Recently, I’ve been so into comics that it’s a bit difficult to switch gears into novels. My reading interests migrate from genre to genre and topic to topic every few years. I’ve been heavily into comics and graphic novels for the last two-ish (three?) years. I’ve read waaay fewer prose novels than I used to, partially after graduating school and being burned out from reading so many things I didn’t want to. So we’ll see when this re-read of this charming series happens.
Until then, maybe you can use these words out in the wild! Fare thee well!
For those who celebrate it, have a Happy Thanksgiving this week! Hope everyone has a lovely week ahead of them and finds something lovely to read! Like The Hobbit or The Lord of the Rings trilogy!
Maybe I should start listing book recommendations when I wish you all “happy reading.” Thoughts?
Quote of the Week:
Okay, so I was going to list the quote “No person, however small, is insignificant” because I thought that was a Tolkien quote, but no. After much Googling, this does not seem to a Tolkien quote nor even a real quote from anyone?!
Did I misremember the actual Tolkien quote of “Even the smallest person can change the course of the future” and somehow mash it together in my brain with the Aesop quote “No act of kindness, however small, is ever wasted?” I think that might be what I did.
Is “No person, however small, is insignificant” a quote from someone, or is this now technically a quote from me? Do I have a quote I’ve been repeating to myself all these years while thinking it was some great writer’s? Does anyone know of this quote, or did I literally make it up?
So I guess you get three quotes of the week today. I have learned many things this day.
Works Cited (MLA 9th Edition)
Cambridge Dictionary. “Idyll.” Cambridge University Press, https://dictionary.cambridge.org/us/dictionary/english/idyll. Accessed 21 Nov. 2021.
Dictionary.com. “Clarion.” Dictionary.com, https://www.dictionary.com/browse/clarion. Accessed 21 Nov. 2021.
Dictionary.com. “Halcyon.” Dictionary.com, https://www.dictionary.com/browse/halcyon. Accessed 21 Nov. 2021.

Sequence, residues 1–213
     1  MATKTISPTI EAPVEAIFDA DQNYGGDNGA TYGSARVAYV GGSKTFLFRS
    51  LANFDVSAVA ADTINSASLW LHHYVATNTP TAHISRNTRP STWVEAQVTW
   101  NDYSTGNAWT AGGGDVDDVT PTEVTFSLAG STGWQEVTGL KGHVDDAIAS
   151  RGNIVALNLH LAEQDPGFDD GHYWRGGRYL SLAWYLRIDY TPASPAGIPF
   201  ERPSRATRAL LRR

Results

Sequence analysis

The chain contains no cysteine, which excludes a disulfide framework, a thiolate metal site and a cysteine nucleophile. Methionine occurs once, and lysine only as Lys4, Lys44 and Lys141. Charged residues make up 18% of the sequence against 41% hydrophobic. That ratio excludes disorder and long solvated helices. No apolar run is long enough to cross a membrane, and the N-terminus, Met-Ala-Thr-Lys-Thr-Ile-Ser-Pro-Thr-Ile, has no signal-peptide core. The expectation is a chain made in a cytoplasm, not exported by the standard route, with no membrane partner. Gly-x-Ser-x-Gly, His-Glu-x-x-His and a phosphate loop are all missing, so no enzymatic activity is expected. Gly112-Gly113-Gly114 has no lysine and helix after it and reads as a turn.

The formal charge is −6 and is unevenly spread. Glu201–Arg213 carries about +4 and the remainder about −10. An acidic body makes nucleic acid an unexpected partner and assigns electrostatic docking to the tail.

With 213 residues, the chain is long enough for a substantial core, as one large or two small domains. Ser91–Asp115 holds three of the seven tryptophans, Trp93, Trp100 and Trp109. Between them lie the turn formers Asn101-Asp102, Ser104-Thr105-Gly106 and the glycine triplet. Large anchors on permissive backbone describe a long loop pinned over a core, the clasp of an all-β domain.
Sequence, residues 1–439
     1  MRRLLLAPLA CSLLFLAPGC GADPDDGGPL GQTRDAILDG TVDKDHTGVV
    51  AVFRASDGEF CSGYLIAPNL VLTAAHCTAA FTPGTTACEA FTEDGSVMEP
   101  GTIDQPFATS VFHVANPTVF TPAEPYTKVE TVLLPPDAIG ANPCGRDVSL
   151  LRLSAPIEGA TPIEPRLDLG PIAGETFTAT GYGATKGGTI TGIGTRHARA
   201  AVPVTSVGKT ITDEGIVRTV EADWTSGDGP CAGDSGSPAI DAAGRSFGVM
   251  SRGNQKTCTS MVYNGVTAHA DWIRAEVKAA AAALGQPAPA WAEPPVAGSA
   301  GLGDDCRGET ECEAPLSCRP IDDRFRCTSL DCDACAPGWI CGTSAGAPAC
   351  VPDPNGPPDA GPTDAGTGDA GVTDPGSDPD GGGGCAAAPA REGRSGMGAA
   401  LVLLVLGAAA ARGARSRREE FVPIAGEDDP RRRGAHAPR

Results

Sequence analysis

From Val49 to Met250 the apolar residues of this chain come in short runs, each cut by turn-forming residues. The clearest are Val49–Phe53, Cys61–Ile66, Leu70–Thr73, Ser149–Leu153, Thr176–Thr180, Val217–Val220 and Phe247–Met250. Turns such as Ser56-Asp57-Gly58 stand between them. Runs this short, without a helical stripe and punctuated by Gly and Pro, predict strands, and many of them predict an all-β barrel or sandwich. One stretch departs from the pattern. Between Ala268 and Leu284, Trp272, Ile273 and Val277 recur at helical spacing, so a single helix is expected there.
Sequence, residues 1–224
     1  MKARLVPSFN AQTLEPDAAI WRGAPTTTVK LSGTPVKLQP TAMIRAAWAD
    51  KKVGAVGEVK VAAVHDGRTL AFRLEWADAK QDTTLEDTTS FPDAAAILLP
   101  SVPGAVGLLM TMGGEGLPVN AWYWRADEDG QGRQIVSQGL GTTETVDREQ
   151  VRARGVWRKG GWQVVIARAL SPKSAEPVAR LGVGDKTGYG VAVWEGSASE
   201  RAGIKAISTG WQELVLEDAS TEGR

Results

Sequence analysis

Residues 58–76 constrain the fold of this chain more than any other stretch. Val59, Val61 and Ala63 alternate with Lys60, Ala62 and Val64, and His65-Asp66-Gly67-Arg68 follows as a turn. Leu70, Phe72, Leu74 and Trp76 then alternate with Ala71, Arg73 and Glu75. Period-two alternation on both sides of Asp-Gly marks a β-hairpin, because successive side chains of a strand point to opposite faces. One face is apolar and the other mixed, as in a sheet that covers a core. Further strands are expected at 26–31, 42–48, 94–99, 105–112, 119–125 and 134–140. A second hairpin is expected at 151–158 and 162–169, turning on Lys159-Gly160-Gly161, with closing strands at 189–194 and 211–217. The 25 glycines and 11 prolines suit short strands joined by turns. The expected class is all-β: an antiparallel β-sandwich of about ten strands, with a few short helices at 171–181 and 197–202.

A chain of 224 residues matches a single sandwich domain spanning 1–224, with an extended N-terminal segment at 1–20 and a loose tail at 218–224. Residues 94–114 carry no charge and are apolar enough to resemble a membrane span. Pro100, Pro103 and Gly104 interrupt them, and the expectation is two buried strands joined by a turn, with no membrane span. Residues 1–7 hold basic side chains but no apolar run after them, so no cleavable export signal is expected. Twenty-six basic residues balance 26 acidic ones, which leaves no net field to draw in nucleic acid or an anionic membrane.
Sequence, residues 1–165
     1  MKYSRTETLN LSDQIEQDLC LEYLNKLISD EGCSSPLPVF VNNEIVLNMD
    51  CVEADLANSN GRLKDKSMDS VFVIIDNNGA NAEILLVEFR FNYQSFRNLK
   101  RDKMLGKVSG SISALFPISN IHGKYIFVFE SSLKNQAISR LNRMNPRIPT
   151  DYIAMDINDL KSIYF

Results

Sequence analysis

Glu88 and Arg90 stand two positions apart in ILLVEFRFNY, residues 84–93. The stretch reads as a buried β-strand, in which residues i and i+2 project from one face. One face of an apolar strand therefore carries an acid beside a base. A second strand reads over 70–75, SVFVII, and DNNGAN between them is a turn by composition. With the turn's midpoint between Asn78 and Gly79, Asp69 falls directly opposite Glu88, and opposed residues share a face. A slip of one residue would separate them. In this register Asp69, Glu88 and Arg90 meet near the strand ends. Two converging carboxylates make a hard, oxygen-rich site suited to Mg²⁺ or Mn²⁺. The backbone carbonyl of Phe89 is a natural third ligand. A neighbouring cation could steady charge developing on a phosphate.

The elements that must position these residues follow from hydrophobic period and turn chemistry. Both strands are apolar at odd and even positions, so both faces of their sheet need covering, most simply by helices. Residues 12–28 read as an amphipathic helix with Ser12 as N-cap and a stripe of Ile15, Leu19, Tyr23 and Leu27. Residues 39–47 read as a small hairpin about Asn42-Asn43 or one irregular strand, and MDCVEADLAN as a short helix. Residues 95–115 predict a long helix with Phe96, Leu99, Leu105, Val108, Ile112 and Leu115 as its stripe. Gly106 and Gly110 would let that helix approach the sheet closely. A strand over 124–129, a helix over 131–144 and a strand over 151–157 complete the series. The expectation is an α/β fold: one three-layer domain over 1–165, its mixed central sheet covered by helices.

Dictionary.com. “Idyll.” Dictionary.com, https://www.dictionary.com/browse/idyll. Accessed 21 Nov. 2021.
Dictionary.com. “Pastoral.” Dictionary.com, https://www.dictionary.com/browse/pastoral. Accessed 21 Nov. 2021.
Dictionary.com. “Serein.” Dictionary.com, https://www.dictionary.com/e/word-of-the-day/serein-2021-11-08/. Accessed 21 Nov. 2021.
Dictionary.com. “Terpsichorean.” Dictionary.com, https://www.dictionary.com/browse/terpsichorean. Accessed 21 Nov. 2021.
Dictionary.com. “Word of the Day: Tuesday, November 09, 2021: Brasserie.” Dictionary.com, https://www.dictionary.com/e/word-of-the-day/brasserie-2021-11-09/?param=wotd-email&click=ca77rh?param%3Dwotd-email&click=ca77rh&utm_source=Sailthru&utm_medium=email&utm_campaign=Live%20WOTD%20Recurring%202021-11-09&utm_term=WOTD. Accessed 21 Nov. 2021.
The Editors of Encyclopaedia Britannica. “Muse.” Encyclopaedia Britannica, https://www.britannica.com/topic/Muse-Greek-mythology. Accessed 21 Nov. 2021.
Greek Myths & Greek Mythology. “The Nine Muses Of The Greek Mythology.” Greek Myths & Greek Mythology, https://www.greekmyths-greekmythology.com/nine-muses-in-greek-mythology/. Accessed 21 Nov. 2021.
Merriam-Webster. “'Cattywampus' and Other Funny-Sounding Words.” Merriam-Webster, https://www.merriam-webster.com/words-at-play/top-10-funny-sounding-and-interesting-words/collywobbles. Accessed 21 Nov. 2021.
Merriam-Webster. “Hobnob.” Merriam-Webster, https://www.merriam-webster.com/dictionary/hobnob?utm_campaign=newsletter&utm_medium=email&utm_source=wotd&utm_content=definitiontext&utm_email=. Accessed 21 Nov. 2021.
The One Wiki to Rule Them All. “Inn.” Fandom, https://lotr.fandom.com/wiki/Inn. Accessed 21 Nov. 2021.
Boule! Cool! So, if I go to Panera and ask for soup in a bread bowl, is it technically a bread boule? : )
Thank you for this lovely epistolary installment of Hobbit-y goodness! Did you know Tolkien not only contributed to my favorite dictionary—the OED—but also served as an editorial assistant? Logophiles unite. :-)